Have you ever wanted to adopt but were unsure of the age limits for those doing the adopting? Have you ever wondered the age range in which children could be adopted? IS there any form of age limit in adoption? As with everything in life, there are limits. There are two ways to look at this question. There is the age of the person DOING the adopting, and there is the age of the person BEING adopted. In this article, we will address both questions as pertain to domestic and international adoption.
Age Requirements for a Person DOING the Adopting.
1.) Domestic Adoptions & Foster Adoptions
What is the minimum age requirement for a domestic adoption? How old is too old to adopt? Expectant parents may have a preference on the age of the adoptive parents they choose for their baby, but the United States has very few restrictions that would not allow an older adult to adopt. However, as with adoptive parents of any age, the prospective older adoptive parent will be evaluated for mental and physical capability during the home study process and a complete physical will be required. This is to ensure that the older adult is healthy enough to raise a child.
There is some variety in the lower end of the age spectrum. In the United States for domestic adoption, the youngest age that a prospective adoptive parent must be is 18; however, the age qualifications vary slightly from state to state. According to this government agency, “in approximately seven States (Connecticut, Kentucky, Louisiana, Montana, New Jersey, Tennessee, Washington) and Puerto Rico, prospective parents must be age 18 to be eligible to adopt. Three States (Colorado, Delaware, and Oklahoma) and American Samoa set the age at 21; and Georgia and Idaho specify age 25. A few States allow minors to adopt under certain circumstances, such as when the minor is the spouse of an adult adoptive parent. In approximately six States (California, Georgia, Nevada, New Jersey, South Dakota, and Utah) and the Northern Mariana Islands, the adopting parents must be at least 10 years older than the person to be adopted. In Puerto Rico, the adopting parent must be at least 14 years older; in Idaho, the parent must be at least 15 years older.” All other states do not specify a minimum age to be eligible to adopt.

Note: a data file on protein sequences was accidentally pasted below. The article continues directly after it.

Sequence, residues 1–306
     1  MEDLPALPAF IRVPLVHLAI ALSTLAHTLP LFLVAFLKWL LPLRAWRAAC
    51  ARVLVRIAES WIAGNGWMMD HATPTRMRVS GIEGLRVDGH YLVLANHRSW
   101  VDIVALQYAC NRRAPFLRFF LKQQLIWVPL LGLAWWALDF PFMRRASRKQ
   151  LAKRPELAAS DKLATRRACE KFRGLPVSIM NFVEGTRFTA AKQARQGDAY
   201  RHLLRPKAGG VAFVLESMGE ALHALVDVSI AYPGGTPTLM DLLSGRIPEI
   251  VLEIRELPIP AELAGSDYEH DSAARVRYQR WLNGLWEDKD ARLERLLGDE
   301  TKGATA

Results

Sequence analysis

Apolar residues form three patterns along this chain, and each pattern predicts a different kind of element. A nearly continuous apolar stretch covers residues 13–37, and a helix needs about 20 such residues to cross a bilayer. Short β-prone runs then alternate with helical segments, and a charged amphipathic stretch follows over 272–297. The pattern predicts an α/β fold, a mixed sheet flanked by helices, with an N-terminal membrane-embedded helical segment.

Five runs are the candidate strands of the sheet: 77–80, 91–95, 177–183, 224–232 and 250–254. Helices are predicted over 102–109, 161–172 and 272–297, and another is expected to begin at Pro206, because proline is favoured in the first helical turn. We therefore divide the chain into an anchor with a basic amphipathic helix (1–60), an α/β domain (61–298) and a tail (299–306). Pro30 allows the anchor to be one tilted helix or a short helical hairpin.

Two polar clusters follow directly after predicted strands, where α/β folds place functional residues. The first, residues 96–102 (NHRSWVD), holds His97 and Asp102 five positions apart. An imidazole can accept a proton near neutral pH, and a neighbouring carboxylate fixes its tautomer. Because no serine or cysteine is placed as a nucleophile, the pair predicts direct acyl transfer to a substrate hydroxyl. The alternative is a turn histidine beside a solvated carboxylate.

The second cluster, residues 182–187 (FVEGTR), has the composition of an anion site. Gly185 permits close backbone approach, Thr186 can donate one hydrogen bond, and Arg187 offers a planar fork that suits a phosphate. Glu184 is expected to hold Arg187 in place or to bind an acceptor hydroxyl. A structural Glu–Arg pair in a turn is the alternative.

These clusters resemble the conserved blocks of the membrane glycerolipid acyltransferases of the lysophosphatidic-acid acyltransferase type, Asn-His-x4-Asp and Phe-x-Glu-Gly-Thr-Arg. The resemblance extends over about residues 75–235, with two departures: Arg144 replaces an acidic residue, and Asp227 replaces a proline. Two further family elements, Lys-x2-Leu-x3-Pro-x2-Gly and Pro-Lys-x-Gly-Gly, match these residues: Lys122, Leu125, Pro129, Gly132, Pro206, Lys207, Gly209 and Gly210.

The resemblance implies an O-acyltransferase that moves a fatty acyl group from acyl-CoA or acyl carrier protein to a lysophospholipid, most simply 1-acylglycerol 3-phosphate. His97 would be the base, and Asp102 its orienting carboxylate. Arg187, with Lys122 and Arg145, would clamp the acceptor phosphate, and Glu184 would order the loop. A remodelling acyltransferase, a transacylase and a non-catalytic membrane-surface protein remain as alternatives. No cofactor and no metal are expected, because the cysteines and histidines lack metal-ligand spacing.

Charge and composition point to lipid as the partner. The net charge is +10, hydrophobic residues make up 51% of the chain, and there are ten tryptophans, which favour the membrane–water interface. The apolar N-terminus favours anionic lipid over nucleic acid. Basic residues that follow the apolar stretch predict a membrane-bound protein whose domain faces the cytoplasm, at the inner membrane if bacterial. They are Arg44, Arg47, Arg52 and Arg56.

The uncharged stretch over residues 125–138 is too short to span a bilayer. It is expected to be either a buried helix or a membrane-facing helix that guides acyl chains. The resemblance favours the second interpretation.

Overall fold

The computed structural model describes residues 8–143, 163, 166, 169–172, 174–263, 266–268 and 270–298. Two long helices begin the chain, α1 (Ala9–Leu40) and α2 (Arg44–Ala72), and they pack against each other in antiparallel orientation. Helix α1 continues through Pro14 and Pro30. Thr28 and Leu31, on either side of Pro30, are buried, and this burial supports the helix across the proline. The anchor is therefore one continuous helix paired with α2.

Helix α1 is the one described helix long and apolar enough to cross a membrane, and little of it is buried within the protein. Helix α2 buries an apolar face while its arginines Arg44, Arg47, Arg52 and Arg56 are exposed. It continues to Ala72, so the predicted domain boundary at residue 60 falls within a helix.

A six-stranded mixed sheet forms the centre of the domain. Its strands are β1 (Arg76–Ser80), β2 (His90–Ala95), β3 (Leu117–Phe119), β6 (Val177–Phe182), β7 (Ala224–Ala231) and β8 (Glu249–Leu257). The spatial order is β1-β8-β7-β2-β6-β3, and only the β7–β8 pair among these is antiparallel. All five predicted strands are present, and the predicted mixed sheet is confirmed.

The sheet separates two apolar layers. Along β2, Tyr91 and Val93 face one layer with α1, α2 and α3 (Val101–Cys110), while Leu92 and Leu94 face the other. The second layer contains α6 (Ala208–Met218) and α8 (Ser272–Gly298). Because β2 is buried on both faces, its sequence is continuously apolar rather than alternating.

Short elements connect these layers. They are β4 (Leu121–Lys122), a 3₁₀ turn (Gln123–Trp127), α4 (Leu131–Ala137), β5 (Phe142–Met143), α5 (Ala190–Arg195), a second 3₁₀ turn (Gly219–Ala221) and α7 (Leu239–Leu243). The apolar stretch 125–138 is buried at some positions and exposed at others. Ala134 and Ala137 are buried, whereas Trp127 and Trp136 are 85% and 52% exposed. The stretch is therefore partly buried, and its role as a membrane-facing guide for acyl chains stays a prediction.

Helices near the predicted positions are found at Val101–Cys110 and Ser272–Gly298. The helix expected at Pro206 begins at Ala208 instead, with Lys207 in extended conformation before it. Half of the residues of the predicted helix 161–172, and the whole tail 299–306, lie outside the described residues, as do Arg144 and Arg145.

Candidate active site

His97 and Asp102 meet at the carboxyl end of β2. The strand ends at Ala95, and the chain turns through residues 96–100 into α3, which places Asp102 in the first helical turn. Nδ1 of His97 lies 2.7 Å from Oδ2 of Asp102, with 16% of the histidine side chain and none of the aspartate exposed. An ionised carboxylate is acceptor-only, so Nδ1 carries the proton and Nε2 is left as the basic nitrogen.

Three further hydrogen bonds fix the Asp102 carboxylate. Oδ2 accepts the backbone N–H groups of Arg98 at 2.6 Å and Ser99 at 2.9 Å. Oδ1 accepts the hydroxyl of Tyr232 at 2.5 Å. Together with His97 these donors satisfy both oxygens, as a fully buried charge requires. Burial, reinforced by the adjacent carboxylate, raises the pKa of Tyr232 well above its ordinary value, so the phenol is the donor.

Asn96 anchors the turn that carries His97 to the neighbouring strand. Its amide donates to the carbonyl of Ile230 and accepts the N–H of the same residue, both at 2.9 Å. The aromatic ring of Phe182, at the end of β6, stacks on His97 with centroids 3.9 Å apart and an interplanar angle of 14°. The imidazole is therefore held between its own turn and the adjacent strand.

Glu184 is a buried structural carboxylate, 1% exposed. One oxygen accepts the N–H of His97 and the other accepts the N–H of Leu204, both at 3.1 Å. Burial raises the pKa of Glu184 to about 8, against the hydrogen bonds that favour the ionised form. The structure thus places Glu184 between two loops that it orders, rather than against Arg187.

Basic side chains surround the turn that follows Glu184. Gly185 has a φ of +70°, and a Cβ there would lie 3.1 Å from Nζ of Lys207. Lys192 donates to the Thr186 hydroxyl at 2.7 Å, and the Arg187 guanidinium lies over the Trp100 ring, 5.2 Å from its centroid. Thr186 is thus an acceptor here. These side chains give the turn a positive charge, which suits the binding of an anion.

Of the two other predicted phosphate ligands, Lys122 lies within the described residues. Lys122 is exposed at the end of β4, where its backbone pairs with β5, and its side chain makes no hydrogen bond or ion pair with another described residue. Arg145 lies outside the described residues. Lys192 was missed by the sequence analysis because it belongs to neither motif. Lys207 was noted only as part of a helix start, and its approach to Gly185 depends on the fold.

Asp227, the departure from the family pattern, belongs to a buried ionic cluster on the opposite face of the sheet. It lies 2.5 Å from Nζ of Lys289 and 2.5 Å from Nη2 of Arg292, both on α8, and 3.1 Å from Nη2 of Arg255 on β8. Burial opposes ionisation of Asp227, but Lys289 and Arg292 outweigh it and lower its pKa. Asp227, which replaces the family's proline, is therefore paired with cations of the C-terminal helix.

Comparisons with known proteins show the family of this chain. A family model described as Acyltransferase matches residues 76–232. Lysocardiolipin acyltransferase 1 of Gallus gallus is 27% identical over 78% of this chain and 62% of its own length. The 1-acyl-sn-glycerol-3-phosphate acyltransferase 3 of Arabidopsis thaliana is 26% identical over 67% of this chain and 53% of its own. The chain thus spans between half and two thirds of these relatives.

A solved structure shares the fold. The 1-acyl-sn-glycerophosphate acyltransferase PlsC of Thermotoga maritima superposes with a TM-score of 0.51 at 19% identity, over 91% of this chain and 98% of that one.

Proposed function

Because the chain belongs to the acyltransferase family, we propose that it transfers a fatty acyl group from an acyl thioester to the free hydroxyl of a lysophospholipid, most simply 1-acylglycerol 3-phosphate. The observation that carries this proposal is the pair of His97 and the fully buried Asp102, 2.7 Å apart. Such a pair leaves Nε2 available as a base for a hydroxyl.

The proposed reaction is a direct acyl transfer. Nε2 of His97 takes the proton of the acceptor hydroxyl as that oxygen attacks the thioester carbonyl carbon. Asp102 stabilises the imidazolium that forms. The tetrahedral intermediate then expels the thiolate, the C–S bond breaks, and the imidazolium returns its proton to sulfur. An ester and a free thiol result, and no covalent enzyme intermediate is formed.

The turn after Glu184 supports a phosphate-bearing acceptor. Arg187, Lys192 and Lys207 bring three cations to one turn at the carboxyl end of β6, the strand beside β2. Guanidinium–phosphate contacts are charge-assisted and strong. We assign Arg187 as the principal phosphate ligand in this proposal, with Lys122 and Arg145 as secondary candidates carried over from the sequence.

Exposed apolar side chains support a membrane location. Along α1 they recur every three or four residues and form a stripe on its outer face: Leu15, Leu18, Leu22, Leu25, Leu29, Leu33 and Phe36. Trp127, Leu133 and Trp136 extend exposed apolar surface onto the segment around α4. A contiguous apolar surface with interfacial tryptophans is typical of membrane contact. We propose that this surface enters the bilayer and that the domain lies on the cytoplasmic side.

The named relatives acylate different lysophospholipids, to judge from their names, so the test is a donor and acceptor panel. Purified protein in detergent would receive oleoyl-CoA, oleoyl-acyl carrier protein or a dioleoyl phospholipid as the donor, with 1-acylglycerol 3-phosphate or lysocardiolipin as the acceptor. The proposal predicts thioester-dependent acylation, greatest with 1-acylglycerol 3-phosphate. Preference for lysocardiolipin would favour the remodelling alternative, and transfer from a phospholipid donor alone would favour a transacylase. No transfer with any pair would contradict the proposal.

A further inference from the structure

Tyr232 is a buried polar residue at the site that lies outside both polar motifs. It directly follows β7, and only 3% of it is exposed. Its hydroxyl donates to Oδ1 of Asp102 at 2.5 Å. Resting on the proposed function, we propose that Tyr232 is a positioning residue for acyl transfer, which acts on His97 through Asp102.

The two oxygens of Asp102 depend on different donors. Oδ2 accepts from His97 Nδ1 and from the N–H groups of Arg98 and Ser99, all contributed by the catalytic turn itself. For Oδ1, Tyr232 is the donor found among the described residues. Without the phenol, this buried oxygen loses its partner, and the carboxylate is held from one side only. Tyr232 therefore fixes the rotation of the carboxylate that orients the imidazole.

2.) International Adoptions
The age requirements for international adoptions are a little bit older. This website says that “prospective adoptive families…must meet eligibility requirements of the country from which they are adopting, United States Citizenship and Immigration Services (USCIS) and their respective state laws. One parent must be at least 25 years old to be accepted into an international adoption program.” Each country has its own set of age requirements and restrictions. Prospective adoptive parents should refer to this list when deciding from what country to adopt.
Age Requirements for the Person BEING Adopted.
1.) Domestic Adoptions and Foster Adoptees